Virgin low carbon fuel announcement potentially game-changing
- 14 October 2011
Damian Ryan, Senior Policy Manager, The Climate Group, analyzes the low carbon aviation fuel announcement which came from Virgin Atlantic Airlines this week.
LONDON: The announcement this week from Virgin Atlantic Airlines of a new initiative to develop low carbon aviation fuel is an exciting and potentially game-changing development in the area of sustainable aviation.
Virgin is teaming up with two small companies, Lanzatech from New Zealand and Swedish Biofuels based in Stockholm, to produce a synthetic, low carbon replacement for traditional fossil-based jet fuel.
What makes the initiative particularly interesting, and potentially transformative, is what the fuel is produced from and the timeframe that Virgin is looking at for commercial use.
The alternative fuel discussion surrounding aviation has long been dogged by question marks over the sustainability and carbon footprint of the various fuels that have been proposed.
First generation biofuels were never really an option for aviation because they generally meant displacing food production. Second generation fuels derived from such non-agriculture crops as jatropha and camillina have been seen as credible options, but these still need to pass sustainability tests and there remain questions about scalability.
Looking further into the future, algae-based biofuels that can be grown on an industrial scale and without the need for large land areas, have been seen as the ultimate long-term solution for aviation.
Impressive technical advances in recent years have given the future of bio and alternative fuels a real boost, but for the most part their impact and full commercialization has generally been seen as at least a decade away.
Virgin’s new initiative could – possibly – turn these assumptions on their heads.
What makes the new Virgin effort different is the technology being employed by Lanzatech. Rather than utilizing a plant-based feedstock, Lanzatech has developed a biological process that uses waste carbon monoxide gas from industrial sources, such as steeling making, to manufacture ethanol.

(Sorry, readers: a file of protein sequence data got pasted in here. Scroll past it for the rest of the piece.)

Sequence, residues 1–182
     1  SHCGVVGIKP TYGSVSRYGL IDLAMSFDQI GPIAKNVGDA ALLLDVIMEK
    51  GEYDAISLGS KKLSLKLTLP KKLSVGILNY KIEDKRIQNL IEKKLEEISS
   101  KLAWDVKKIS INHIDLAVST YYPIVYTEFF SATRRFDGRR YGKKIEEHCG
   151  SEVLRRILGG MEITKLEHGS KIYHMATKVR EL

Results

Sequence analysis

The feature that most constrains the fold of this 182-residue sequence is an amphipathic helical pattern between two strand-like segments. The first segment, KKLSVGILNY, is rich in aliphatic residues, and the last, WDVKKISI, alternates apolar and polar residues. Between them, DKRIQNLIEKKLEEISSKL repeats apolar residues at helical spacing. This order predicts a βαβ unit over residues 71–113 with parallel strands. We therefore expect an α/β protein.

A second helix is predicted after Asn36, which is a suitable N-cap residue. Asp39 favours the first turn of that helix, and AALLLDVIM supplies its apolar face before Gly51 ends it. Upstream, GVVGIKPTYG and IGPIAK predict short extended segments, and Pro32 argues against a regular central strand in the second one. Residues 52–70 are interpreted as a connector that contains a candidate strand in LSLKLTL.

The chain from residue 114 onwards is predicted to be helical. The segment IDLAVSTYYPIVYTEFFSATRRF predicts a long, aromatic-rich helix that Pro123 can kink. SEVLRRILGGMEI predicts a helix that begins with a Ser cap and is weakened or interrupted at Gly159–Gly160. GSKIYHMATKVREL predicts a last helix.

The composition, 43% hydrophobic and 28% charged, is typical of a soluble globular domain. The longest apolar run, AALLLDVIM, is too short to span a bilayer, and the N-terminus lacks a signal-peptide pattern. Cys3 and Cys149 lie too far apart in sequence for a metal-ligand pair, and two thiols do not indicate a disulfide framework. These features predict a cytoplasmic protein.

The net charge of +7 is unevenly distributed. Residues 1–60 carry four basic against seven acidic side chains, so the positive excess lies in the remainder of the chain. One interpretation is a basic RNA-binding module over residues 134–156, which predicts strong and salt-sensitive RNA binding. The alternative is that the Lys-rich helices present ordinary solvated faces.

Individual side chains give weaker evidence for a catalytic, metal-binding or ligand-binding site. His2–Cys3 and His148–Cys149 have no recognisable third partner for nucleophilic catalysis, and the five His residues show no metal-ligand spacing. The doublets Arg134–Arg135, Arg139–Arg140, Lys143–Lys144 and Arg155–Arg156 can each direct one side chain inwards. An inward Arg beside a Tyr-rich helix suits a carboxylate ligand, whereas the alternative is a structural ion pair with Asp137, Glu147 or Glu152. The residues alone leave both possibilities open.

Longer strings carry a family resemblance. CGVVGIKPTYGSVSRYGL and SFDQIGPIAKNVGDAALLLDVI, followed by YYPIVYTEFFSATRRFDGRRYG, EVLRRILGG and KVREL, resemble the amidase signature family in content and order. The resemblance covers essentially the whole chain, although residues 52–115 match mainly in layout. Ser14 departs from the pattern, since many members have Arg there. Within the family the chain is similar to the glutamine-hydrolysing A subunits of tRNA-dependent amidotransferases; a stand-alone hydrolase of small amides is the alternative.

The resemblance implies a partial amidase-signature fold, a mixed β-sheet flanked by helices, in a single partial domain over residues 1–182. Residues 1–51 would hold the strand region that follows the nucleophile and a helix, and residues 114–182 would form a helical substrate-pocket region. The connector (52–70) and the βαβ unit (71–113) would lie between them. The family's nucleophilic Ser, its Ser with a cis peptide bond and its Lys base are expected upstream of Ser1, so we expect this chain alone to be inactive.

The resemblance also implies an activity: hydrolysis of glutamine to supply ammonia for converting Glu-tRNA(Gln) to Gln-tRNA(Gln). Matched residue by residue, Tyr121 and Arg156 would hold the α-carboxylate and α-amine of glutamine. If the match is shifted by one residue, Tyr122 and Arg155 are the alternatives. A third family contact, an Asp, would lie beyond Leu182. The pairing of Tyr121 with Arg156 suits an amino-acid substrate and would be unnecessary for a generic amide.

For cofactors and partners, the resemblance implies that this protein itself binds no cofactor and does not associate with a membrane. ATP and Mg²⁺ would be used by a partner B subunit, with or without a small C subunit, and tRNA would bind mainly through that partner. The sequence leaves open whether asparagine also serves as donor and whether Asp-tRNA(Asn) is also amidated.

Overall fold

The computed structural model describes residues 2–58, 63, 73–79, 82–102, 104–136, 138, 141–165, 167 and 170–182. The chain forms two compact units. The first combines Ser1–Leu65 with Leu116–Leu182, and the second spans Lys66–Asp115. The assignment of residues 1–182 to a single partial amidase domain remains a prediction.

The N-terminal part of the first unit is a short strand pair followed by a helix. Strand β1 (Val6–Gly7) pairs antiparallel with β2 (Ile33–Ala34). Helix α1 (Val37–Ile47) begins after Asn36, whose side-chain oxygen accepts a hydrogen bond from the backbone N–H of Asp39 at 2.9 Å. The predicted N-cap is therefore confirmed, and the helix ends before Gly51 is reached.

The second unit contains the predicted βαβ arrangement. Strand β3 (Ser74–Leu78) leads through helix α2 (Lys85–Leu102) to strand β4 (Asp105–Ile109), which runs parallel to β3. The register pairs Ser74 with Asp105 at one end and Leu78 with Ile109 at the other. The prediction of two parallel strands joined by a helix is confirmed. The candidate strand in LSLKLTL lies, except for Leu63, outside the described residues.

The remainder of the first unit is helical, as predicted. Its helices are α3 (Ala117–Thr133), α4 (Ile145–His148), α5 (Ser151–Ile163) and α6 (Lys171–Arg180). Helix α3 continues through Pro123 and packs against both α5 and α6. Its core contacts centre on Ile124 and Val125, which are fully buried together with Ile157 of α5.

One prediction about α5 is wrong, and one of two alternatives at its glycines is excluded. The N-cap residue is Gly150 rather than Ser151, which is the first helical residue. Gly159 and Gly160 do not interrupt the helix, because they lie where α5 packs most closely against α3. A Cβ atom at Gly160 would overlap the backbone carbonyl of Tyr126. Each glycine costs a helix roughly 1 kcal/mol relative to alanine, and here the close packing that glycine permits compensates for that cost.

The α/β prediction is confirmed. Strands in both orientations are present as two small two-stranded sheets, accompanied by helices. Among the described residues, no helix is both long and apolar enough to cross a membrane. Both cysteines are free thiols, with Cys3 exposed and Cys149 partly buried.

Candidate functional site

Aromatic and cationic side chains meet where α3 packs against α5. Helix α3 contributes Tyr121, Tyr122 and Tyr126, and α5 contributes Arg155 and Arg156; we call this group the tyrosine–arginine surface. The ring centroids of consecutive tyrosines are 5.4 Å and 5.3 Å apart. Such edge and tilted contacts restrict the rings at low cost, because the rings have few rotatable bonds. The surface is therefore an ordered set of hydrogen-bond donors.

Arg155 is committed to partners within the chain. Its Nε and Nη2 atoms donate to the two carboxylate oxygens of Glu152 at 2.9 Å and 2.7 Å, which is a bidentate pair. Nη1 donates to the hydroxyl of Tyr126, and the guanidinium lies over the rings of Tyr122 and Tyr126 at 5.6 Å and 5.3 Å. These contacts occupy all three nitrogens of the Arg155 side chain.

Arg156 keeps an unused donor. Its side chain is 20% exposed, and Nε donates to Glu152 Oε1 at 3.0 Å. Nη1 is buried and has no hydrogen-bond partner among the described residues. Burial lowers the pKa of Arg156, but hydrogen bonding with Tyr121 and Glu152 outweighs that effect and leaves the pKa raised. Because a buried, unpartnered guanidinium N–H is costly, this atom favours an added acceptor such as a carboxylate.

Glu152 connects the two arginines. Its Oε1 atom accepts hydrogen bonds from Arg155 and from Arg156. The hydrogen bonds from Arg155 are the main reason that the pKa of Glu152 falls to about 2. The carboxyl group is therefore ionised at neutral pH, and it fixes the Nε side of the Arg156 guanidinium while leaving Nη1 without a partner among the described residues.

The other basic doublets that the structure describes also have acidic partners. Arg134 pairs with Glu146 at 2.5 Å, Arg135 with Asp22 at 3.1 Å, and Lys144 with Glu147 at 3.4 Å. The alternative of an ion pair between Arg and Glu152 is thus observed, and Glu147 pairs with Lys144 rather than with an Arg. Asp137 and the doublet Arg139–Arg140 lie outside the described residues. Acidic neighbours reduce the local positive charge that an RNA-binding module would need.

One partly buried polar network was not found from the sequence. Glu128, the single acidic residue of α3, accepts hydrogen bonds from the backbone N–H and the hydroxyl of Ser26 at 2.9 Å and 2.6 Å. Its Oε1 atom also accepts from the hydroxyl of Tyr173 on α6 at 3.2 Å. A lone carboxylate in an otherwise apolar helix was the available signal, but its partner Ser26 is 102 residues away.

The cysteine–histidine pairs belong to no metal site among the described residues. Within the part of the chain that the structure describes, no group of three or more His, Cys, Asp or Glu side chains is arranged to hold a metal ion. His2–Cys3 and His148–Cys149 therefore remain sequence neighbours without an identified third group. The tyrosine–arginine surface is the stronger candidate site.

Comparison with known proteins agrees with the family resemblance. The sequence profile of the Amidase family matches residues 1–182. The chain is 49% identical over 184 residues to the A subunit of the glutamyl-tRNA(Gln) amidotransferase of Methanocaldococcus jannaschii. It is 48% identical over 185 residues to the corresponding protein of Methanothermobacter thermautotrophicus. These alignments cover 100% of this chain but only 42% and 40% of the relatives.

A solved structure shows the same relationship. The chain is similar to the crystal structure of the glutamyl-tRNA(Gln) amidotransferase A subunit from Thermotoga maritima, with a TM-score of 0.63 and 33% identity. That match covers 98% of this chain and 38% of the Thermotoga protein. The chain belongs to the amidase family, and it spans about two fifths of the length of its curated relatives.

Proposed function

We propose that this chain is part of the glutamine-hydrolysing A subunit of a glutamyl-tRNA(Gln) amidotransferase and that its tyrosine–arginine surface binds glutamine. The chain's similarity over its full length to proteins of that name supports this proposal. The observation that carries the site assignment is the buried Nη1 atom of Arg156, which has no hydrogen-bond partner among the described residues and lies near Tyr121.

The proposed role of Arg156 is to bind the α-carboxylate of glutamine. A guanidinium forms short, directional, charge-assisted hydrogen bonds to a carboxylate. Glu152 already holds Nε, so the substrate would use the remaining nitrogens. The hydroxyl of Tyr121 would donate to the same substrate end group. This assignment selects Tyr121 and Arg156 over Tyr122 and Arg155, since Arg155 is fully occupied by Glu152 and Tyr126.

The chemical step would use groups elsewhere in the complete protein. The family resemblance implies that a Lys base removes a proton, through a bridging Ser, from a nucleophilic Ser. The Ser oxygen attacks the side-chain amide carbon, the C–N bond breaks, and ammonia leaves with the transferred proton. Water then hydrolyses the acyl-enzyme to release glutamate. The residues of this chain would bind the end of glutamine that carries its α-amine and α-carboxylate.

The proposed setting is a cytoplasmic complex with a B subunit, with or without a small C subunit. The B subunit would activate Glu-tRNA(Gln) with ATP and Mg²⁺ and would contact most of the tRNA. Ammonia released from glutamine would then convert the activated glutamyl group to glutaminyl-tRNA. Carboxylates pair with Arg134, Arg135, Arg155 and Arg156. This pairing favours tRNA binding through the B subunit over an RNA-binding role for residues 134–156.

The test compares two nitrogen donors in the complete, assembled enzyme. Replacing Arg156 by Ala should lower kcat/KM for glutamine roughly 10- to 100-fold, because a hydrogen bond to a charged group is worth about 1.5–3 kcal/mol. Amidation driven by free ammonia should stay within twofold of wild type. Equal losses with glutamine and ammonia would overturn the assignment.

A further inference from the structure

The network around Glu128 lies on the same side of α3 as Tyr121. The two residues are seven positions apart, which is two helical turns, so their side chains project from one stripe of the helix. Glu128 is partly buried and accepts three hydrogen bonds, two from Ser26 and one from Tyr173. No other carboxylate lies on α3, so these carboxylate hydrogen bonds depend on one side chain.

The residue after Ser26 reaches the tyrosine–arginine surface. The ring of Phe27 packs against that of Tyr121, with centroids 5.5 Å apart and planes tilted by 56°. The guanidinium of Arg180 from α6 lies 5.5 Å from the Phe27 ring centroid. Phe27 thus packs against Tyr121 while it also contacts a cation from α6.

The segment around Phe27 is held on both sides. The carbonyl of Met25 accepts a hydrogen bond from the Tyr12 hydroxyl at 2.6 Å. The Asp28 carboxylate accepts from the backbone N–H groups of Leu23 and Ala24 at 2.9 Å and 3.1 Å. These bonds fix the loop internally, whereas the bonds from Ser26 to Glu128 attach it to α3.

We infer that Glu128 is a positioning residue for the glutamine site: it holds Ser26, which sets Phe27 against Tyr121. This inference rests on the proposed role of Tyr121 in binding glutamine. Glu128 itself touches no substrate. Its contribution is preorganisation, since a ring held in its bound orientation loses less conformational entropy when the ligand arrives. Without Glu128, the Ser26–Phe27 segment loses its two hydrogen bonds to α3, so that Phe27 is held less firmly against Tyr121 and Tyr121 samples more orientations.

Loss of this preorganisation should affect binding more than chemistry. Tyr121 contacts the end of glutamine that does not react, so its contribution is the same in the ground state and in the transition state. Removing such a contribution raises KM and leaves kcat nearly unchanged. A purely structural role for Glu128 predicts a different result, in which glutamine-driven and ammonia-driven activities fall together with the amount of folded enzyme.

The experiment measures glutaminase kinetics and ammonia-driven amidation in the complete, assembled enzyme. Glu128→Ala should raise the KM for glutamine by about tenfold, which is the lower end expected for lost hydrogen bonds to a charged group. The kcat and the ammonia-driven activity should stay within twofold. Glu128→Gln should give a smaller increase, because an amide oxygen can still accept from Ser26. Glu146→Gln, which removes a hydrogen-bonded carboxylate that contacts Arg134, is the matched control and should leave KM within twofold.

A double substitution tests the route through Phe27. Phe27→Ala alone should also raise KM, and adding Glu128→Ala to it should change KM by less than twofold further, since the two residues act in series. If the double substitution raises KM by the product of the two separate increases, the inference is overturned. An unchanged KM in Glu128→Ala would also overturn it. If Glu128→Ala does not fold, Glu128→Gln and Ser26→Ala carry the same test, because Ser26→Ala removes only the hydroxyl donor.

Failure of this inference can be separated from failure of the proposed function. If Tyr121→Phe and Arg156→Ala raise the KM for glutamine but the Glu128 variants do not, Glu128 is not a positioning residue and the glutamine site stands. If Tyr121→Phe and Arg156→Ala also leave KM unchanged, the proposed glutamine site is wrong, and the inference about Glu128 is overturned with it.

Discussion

Because the process is effectively recycling carbon rather than seeing it released into the atmosphere as CO2, provisional life-cycle analysis indicates that total CO2 reductions of over 50% compared to ‘traditional’ ethanol are achieved.
This is the kind of carbon reduction that other sectors would arguably kill for.
There are also a number of co-benefits from all of this, including the relative abundance of industrial CO2 as a feedstock, the mitigation solution the process provides for industrial emissions, and the obvious avoidance of land-use in feedstock production and the resource constraints associated with this.
Swedish Biofuel’s role in the venture is to turn the ethanol (which is unsuitable for aircraft use) into synthetic kerosene for use in jet engines. Like Lanzatech, Swedish Biofuels have their own proprietary technology for achieving this chemical wizardry.
Virgin is now working with both companies along with other partners in China to establish a full scale operation that would provide low carbon fuel for Virgin flights out of Shanghai from 2014.
Such a timeframe would have been unthinkable within the industry even a few years ago.
Whether Virgin’s efforts will ultimately been seen as a turning point for establishing a truly sustainable aviation sector remains to be seen. However, given the environmental benefits, particularly the avoidance of land-use impacts, this is an initiative which anyone interested in a sustainable aviation industry and the economic and social benefits it brings, would wish to succeed.
Note: Virgin Atlantic and The Climate Group are both members of the Aviation Global Deal Group, an industry lead initiative that seeks to promote a global sectoral agreement for reducing aviation emissions.